Gangaridai in Ptolemy's Map.
|Capital||Kotalipara, Bengal (modern day Bangladesh)|
|Historical era||Ancient India|
|•||Established||est. 300 BCE|
|Today part of|
|Warning: Value not specified for "common_name"|
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Gangaridai (Greek: Γανγαρίδαι; Latin Gangaridae) was an ancient kingdom, which existed around 300 BC, in the Bengal region of the Indian subcontinent. It was described by the Greek traveller Megasthenes in his work Indica. Greek and Latin historians suggested that Alexander the Great withdrew from the Indian subcontinent, anticipating the valiant joint counterattack of the mighty Gangaridai and Prasii (Nanda) Empires, the latter located in central Bihar. The capital of the Gangaridai was situated at Kotalipara in present-day Gopalganj District, Bangladesh.
- The Kambyson
- The Mega
- The Kamberikhon
- The Pseudostomon
- The Antibole
The Periplus refers Gangaridai to be located on the Bay of Bengal north to the port city of Dosarene in Kalinga (ancient Odisha). Its main city, with the same name as the river Ganges, was on the bank of the river. Strabo, Pliny, Arrian, et al. compiled a map of India as known to the early Greeks, based on Indica of Megasthenes (4th century BC), where the Gangaridai state has been shown in the lower Ganges and its tributaries. However, all the Greek, Latin and Egyptian accounts about Gangaridai suggest that the country was located in the deltaic region of Southern Bengal.
Periplus mentions the city of Pataliputra, which is north of Tosali or Dosarne, and which based on the map, lies next to the Ganges and is at the heart of Ganga as it flows from the Himalayas to the sea.
Greek, Roman, and Egyptian accounts on Gangaridai
During Alexander's invasion
Diodorus Siculus wrote of the area and army:
When he (Alexander) moved forward with his forces certain men came to inform him that Porus, the king of the country, who was the nephew of that Porus whom he had defeated, had left his kingdom and fled to the nation of Gandaridai... He had obtained from Phegeus a description of the country beyond the Indus: First came a desert which it would take twelve days to traverse; beyond this was the river called the Ganges which had a width of thirty two stadia, and a greater depth than any other Indian river; beyond this again were situated the dominions of the nation of the Prasioi and the Gandaridai, whose king, Xandrammes, had an army of 20,000 horse 200,000 infantry, 2,000 chariots and 4,000 elephants trained and equipped for war ... Now this (Ganges) river, which is 30 stadia broad, flows from north to south, and empties its water into the ocean forming the eastern boundary of the Gandaridai, a nation which possesses the greatest number of elephants and the largest in size. –Diodorus Siculus (c.90 BC – c.30 BC). Quoted from The Classical Accounts of India, Dr R.C. Majumder, p. 170-72/234.
Diodorus Siculus further describes "Gandaridae":
Among the southern countries the first under the Kaukasos is India, a kingdom remarkable for its vast extent and the largeness of its population, for it is inhabited by very many nations, among which the greatest of all is that of the Gandaridae, against whom Alexander did not undertake an expedition, being deterred by the multitude of their elephants. This region is separated from farther India by the greatest river in those parts (for it has a breadth of thirty stadia), but it adjoins the rest of India which Alexander had conquered, and which was well watered by rivers and highly renowned for its prosperous and happy condition. –Diodorus Siculus (1st century AD). Quoted from Ancient India as Described in Classical Literature, John W. McCrindle, p. 201.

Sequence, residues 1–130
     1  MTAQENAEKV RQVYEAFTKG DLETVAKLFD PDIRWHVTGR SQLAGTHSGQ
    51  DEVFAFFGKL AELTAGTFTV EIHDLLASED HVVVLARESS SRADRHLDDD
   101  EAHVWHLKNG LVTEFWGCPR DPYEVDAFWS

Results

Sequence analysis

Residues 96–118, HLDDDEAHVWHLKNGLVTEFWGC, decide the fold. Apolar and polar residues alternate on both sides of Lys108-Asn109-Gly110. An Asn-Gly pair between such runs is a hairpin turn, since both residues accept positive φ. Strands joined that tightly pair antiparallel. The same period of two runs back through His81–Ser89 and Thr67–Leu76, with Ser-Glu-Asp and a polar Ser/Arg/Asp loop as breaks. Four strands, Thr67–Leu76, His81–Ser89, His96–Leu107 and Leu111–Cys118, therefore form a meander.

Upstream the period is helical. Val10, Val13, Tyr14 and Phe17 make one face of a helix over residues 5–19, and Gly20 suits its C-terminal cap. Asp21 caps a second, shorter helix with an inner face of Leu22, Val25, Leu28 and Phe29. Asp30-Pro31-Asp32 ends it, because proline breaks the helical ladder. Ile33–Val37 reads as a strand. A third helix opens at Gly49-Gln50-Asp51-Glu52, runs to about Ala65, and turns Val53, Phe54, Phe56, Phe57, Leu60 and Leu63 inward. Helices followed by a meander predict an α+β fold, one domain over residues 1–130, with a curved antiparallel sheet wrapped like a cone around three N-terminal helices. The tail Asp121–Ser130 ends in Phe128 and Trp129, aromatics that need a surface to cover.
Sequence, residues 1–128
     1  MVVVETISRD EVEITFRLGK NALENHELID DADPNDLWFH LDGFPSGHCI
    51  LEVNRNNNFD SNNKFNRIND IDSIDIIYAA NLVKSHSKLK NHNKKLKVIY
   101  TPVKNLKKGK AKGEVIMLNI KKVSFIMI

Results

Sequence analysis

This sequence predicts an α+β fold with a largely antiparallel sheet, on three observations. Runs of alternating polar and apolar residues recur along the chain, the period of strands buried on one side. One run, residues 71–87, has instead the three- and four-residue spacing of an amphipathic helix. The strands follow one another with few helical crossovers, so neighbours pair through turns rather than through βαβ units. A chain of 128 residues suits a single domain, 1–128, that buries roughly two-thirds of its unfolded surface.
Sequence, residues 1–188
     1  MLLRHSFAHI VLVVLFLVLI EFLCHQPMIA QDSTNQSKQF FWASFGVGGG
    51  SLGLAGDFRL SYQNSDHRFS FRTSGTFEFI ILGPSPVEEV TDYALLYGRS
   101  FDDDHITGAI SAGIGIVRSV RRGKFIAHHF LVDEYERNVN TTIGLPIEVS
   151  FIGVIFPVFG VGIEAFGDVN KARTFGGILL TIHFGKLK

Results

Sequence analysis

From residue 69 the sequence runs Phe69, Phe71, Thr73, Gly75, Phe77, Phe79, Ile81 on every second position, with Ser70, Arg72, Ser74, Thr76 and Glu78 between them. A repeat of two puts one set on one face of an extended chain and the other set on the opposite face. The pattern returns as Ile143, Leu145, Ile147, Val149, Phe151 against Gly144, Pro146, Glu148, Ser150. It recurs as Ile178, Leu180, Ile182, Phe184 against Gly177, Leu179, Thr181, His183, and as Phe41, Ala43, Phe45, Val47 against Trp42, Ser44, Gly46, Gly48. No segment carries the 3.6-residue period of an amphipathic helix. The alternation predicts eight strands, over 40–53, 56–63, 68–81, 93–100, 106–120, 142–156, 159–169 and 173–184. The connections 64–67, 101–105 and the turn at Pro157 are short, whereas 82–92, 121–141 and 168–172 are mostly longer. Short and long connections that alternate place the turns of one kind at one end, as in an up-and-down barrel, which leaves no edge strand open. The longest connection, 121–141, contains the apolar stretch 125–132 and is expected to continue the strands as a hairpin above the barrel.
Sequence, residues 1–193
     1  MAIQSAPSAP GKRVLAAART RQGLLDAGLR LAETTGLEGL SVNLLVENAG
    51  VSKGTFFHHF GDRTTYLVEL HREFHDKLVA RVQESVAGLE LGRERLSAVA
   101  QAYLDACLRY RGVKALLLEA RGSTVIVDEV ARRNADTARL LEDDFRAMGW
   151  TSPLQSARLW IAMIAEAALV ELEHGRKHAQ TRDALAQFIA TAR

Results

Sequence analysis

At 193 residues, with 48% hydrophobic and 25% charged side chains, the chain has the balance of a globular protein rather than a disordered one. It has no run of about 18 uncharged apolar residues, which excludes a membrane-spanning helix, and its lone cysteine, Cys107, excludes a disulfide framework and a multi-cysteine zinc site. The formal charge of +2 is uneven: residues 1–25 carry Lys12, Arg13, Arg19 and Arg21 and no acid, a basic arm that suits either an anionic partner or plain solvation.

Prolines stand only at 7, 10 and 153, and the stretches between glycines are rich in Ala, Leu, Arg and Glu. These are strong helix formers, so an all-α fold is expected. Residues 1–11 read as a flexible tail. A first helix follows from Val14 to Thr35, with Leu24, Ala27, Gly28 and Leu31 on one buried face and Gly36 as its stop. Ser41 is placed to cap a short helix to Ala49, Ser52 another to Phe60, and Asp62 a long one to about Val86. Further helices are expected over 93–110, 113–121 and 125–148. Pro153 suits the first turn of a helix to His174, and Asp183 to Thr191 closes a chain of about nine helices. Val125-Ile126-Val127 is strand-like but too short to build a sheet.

Quintus Curtius Rufus noted the 2 nations Gangaridae and Prasii:
Next came the Ganges, the largest river in all India, the farther bank of which was inhabited by two nations, the Gangaridae and the Prasii, whose king Agrammes kept in field for guarding the approaches to his country 20,000 cavalry and 200,000 infantry, besides 2,000 four-horsed chariots, and, what was the most formidable of all, a troop of elephants which he said ran up to the number of 3,000. –Quintus Curtius Rufus (wrote between 60-70 AD). Quoted from The Classical Accounts of India, p. 103-128.
Plutarch noted both Gangaridae and Prasii together:
The Battle with Porus depressed the spirits of the Macedonians, and made them very unwilling to advance farther into India... This river (the Ganges), they heard, had a breadth of two and thirty stadia, and a depth of 1000 fathoms, while its farther banks were covered all over with armed men, horses and elephants. For the kings of the Gandaritai and the Prasiai were reported to be waiting for him (Alexander) with an army of 80,000 horse, 200,000 foot, 8,000 war-chariots, and 6,000 fighting elephants. –Plutarch (42-120 AD). Quoted from The Classical Accounts of India, p. 198.
Now this river, which at its source is 30 stadia broad, flows from north to south, and empties its waters into the ocean forming the eastern boundary of the Gangaridai, a nation which possesses a vast force of the largest-sized elephants. Owing to this, their country has never been conquered by any foreign king: for all other nations dread the overwhelming number and strength of these animals. [Thus Alexander the Macedonian, after conquering all Asia, did not make war upon the Gangaridai, as he did on all others; for when he had arrived with all his troops at the river Ganges, he abandoned as hopeless an invasion of the Gangaridai and India when he learned that they possessed four thousand elephants well trained and equipped for war.] –Megasthenes (c. 350 BC-290 BC). Quoted from the Epitome of Megasthenes, Indika. (Diod. II. 35-42. ), Ancient India as Described by Megasthenes and Arrian. Translated and edited by J.W. McCrindle.
During the reign of Chandragupta Maurya
Pliny the Elder wrote about the people:
In the final part of its Ganges course, which is through the country of the Gangarides.... But Prasii surpass in power and glory every other people, not only in this quarter, but one may say in all India, their capital Palibothra (Pataliputra), a very large and wealthy city, after which some call the people itself the Palibothri, (He talks about Prasii during the reign of Chandragupta Maurya)... In the parts which lie southward from the Ganges the inhabitants, already swarthy, are deeply coloured by the sun, though not scorched black like the Ethiopians. –Pliny the Elder (23-79 AD). Quoted from The Classical Accounts of India, Dr. R.C. Majumdar, p. 341-343.